It is August 1st, Emancipation Day across much of the formerly British Caribbean. It commemorates the Slavery Abolition Act (1833), which legislated the end of slavery in the British Empire in August, 1834. Here in Jamaica it is part of a week of parades and parties leading up to Independence Day on August 6th. In Barbados this year it coincides with the Crop Over Festival and its climax, Grand Kadooment, a day where Bajans let their hair down (not to mention much else) and party can’t done.
But I ent in de mood fi party.
Perhaps it’s something to do with the way these carnivalesque extravaganzas seem to perpetuate the objectification and display of women’s bodies for male consumption that is in a direct line of succession from the white supremacist objectification of all Black bodies. There is a burden of history which shackles the watching of young women wukkin’ up, to the image of the slave trader forcing his charges to dance on the auction block to prove that they were fit for hard work.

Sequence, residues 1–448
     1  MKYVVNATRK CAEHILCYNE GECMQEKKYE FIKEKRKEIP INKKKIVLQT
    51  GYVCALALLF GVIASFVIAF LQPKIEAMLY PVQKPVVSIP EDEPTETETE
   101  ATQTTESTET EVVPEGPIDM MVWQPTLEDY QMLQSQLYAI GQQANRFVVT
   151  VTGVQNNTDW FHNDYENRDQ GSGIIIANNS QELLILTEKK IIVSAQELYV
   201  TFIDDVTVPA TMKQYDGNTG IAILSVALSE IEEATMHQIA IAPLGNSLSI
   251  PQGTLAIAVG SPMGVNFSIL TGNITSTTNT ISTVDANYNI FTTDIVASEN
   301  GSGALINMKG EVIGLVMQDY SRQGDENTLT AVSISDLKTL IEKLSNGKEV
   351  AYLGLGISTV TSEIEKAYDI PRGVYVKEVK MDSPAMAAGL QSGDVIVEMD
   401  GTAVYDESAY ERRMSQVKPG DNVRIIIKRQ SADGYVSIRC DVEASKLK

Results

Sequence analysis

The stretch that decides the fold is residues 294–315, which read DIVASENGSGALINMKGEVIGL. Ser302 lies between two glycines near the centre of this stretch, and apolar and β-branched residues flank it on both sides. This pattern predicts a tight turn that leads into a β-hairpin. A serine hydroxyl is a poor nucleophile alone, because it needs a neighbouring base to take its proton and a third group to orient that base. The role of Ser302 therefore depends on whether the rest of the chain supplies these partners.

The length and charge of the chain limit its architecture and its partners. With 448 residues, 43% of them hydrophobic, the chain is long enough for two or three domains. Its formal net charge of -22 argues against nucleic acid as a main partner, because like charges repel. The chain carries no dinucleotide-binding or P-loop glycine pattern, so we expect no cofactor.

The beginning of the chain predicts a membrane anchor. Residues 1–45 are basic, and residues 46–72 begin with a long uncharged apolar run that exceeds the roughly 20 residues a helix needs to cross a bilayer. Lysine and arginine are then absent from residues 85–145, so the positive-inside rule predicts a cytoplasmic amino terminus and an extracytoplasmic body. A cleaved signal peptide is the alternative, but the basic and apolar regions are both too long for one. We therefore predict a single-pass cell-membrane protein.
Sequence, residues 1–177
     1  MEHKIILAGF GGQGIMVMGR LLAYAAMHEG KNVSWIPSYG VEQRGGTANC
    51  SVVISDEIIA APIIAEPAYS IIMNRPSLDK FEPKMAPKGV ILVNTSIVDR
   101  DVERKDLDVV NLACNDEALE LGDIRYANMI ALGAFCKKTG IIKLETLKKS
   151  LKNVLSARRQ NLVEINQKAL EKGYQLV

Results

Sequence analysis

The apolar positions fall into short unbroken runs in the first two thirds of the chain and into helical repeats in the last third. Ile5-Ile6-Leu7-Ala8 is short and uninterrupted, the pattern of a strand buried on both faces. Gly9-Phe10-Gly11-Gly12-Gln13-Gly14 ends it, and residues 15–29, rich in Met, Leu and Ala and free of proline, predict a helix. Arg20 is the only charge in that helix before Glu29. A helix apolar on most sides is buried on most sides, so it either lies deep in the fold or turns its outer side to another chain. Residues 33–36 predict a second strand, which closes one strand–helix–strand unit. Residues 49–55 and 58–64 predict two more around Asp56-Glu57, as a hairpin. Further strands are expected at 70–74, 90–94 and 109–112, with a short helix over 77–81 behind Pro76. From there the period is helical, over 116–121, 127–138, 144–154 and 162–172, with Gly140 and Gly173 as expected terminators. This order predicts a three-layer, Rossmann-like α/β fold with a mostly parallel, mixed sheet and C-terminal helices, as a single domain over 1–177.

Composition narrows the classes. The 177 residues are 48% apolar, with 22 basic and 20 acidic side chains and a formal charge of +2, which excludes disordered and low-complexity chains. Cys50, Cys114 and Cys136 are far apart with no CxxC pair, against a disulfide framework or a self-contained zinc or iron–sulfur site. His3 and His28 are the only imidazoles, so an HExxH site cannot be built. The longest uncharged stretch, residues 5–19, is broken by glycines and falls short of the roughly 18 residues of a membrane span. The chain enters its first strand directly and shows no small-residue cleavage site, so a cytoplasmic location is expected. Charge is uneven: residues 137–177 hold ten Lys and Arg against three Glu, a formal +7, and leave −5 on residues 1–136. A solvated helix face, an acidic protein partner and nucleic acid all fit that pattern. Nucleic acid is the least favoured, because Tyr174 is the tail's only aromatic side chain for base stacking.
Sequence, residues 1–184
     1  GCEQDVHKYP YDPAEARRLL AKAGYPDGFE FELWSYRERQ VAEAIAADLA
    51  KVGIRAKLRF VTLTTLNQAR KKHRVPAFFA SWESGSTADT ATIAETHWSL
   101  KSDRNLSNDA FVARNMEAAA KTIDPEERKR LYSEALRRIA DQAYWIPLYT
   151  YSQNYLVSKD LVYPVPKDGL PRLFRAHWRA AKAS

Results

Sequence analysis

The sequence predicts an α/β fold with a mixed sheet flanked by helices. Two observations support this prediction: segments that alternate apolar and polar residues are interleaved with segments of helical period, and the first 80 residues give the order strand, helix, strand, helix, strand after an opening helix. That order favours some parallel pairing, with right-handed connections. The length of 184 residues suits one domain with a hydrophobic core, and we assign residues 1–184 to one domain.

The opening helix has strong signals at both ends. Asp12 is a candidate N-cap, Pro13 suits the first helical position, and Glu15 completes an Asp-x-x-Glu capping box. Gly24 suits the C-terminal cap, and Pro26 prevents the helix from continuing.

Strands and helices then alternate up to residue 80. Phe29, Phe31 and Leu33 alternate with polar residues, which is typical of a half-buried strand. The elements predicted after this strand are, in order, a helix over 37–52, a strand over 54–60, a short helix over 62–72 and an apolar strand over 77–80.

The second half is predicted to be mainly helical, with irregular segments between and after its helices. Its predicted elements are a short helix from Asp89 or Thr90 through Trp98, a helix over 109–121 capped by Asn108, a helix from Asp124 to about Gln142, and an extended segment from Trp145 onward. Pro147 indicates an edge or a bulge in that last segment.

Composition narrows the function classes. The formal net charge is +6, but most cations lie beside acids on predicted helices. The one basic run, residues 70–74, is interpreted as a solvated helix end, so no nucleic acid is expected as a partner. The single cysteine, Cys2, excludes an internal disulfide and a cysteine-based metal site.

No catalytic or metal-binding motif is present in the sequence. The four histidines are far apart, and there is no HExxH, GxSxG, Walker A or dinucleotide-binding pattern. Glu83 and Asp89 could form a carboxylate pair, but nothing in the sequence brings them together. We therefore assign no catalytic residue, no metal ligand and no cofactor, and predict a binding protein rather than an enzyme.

But nuhbody cyan mek mi watch dat, so dat ent really wuh got mi upset.
My deeper problem is the nature of “Emancipation” itself. It is just one more thing that was done my enslaved ancestors. They were not the agents of this; they were not the subject of the Act, they were its object. Don’t get me wrong; I benefited from the finest colonial education and do not discount the courage and dedication of Wilberforce, Clarkson, Buxton, Heyrick, Lloyd, and the others who led the anti-slavery movement in Britain. Yet it is not their memory nor their achievement that lies heavy with me this August.